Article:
Music is a family affair for Kitty, Daisy and Lewis

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Music is a family affair for Kitty, Daisy and Lewis


Fri, 15/01/2016 - 12:14


Kitty, Daisy and Lewis in their home-built studio
14 January, 2016

THEY have played to audiences all around the world and sold thousands of albums – and it all sprung from family sing-songs in a house in the back streets of Kentish Town. 

The NW5-based rock and roll band Kitty, Daisy and Lewis, made up of three siblings backed by parents Graeme and Ingrid, are taking to the stage at Koko on February 11 in what is a celebratory homecoming gig after a year that saw them tour both America and the Far East and bring out the highly rated Whenever You See Me album.

Unsurprisingly, music is in the family’s DNA. Father Graeme Durham (pictured), whose family moved from Bombay to London in 1961, came from a background where communal singing was commonplace. 

Graeme Durham in Kelly Street. Father of Kitty, Daisy and Lewis

“I was the youngest of seven children and I like to think I was born the same time as rock and roll,” he says.

His own father, Titus Vaz, had been a railway ticket inspector, and a few years after Indian independence, the family moved to Palmers Green. Graeme became a Londoner just as it began to Swing.

“I grew up in a family that had a musical thing going on,” he says. “My dad played the guitar and my mum played the ukulele. When we were kids, our home was full of music and full of singing. 

“It meant my children also grew up with it. It was something that automatically happened. Some of the best music I have ever heard was during these impromptu sessions.” 

Living in London during the 1960s was also telling. “It was a time of such change – everything was going on,” he recalls. There were these different genres of music, fashion, culture, film co-existing – suddenly music went from rock and roll to soul, Tamla Motown, ska and rock steady, British pop, psychedelia, and there were still the crooners like Engelbert Humperdinck.”

But music wasn’t something Graeme considered as a way to earn a living.

“I wanted to go into medicine, but I became an accountant,” he says.

Number crunching lost its appeal by the mid-70s and Graeme got a job at Island Records in the cutting department, responsible for making master copies of records.

He recalls seeing Bob Marley rehearsing. Of course, he slipped in to listen.

It was while working at Island that he met musician Ingrid Weiss. The pair got together and settled in Kelly Street, Kentish Town. Ingrid, who had been playing in the band The Raincoats, and Graeme had a home full of instruments that they would pick up and bash out tunes on.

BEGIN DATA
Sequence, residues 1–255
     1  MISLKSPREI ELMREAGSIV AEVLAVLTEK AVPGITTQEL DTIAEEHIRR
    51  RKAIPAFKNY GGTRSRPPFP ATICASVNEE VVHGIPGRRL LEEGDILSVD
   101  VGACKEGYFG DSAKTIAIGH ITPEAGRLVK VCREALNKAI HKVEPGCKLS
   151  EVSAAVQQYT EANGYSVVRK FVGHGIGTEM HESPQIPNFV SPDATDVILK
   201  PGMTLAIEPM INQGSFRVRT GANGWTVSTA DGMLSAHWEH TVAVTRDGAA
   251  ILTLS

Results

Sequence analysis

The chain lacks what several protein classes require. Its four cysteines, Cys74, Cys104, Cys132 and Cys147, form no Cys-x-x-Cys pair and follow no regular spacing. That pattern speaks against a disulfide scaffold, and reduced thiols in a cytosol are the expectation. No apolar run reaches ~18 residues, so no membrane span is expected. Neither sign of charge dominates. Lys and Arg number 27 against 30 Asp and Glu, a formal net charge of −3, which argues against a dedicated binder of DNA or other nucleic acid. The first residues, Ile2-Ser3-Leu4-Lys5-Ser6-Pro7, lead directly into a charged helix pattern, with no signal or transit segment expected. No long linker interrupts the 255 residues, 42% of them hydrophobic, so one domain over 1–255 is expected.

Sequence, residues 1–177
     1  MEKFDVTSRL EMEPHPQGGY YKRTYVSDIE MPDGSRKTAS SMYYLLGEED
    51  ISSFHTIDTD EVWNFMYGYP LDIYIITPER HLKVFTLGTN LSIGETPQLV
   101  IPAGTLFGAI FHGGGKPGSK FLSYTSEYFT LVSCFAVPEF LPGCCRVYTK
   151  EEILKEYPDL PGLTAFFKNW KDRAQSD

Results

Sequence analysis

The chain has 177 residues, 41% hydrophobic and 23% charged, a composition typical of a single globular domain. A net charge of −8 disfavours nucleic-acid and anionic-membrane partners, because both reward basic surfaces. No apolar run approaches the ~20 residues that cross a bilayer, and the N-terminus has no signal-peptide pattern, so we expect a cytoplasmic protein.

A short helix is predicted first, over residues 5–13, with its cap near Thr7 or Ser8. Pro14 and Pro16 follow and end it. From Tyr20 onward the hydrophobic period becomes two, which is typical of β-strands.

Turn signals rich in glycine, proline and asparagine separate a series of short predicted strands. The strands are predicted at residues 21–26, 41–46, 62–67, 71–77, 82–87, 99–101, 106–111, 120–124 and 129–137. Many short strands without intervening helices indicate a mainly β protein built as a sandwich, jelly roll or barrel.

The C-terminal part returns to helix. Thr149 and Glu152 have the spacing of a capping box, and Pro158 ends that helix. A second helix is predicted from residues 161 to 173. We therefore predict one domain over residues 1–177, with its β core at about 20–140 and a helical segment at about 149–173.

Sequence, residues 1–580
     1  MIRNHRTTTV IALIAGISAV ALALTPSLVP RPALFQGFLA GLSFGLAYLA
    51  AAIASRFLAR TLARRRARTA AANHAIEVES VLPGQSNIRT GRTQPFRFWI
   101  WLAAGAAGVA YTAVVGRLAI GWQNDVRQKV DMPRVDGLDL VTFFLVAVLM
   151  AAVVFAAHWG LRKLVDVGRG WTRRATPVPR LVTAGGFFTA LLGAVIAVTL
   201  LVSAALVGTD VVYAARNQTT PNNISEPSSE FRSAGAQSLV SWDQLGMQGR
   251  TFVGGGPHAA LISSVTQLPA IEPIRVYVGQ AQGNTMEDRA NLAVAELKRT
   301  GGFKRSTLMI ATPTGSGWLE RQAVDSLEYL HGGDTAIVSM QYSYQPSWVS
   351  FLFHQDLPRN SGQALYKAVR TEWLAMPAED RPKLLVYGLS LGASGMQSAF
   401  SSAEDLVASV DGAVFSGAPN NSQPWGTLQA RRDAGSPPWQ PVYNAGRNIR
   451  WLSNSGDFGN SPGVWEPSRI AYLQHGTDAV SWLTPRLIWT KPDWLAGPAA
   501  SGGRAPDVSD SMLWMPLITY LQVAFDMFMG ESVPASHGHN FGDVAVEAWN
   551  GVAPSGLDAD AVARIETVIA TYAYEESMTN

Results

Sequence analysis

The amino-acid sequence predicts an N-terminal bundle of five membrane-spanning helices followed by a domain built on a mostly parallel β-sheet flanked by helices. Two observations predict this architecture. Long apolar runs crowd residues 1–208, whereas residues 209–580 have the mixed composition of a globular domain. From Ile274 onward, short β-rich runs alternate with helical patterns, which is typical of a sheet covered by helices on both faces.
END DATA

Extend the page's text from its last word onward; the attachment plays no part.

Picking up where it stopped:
Looking back at the development of the band, Graeme recalls how the family would head to the Golden Lion pub in Royal College Street on Sundays to a session known as “Come Down and Meet The Folks”.

“They would have a main act and then an open mic system,” says Graeme. “We’d pop in – not as musicians, it was just somewhere we could go as a family and listen to music. The kids would sit up the front and watch what the bands were doing. We’d then go home and have a jam ourselves.”

Later, the youngsters would take to the small stage themselves, showing their talents on instruments ranging from guitar to banjo to accordion. 

“By then they had really sharpened up. I remember Kitty doing the song Mean Son of a Gun on the harmonica, and it blew the roof off,” adds Graeme.

The band became a little more formal when Barry Stillwell, who ran the Tapestry Festival in Cornwall and drank in the Golden Lion, booked them to perform in 2003. Kitty was 10.

They were spotted by Resonance FM and cut a single, and the band went on from there.

One of the features of KDL is how the three siblings play different instruments on different tracks. 

“There are three drummers in the band. That’s what makes it so interesting,” says Graeme. “And we are a normal family with normal dynamics We are not like some kind of Kentish Town version of the Osmonds. When we get together to record an LP, it will kick off, there will be arguments and then half an hour later everyone will kiss and make up.”

And they are unfazed by the way they have chosen to earn a living. 

“My children are savvy and have a good bullshit detector,” says Graeme. “Because they grew up making music, they are very grounded. It is just what they do. It does help that they have their family around them. They are straight up and have no truck with music industry nonsense.”

On top of this, they record, mix and engineer their own work in a home-built studio. Lewis has a particular fascination with older recording equipment. His dad describes him as “an uber geek” when it comes to sound engineering. They don’t use digital recording equipment, instead using mixers and microphones from an analogue age. 

“We record at home,” says Graeme. “And we have now sold more than 250,000 albums world wide, all done from our house in Kentish Town.”

 Marjory Durham, and father, Titus Vaz

 Marjory Durham, and father, Titus Vaz.

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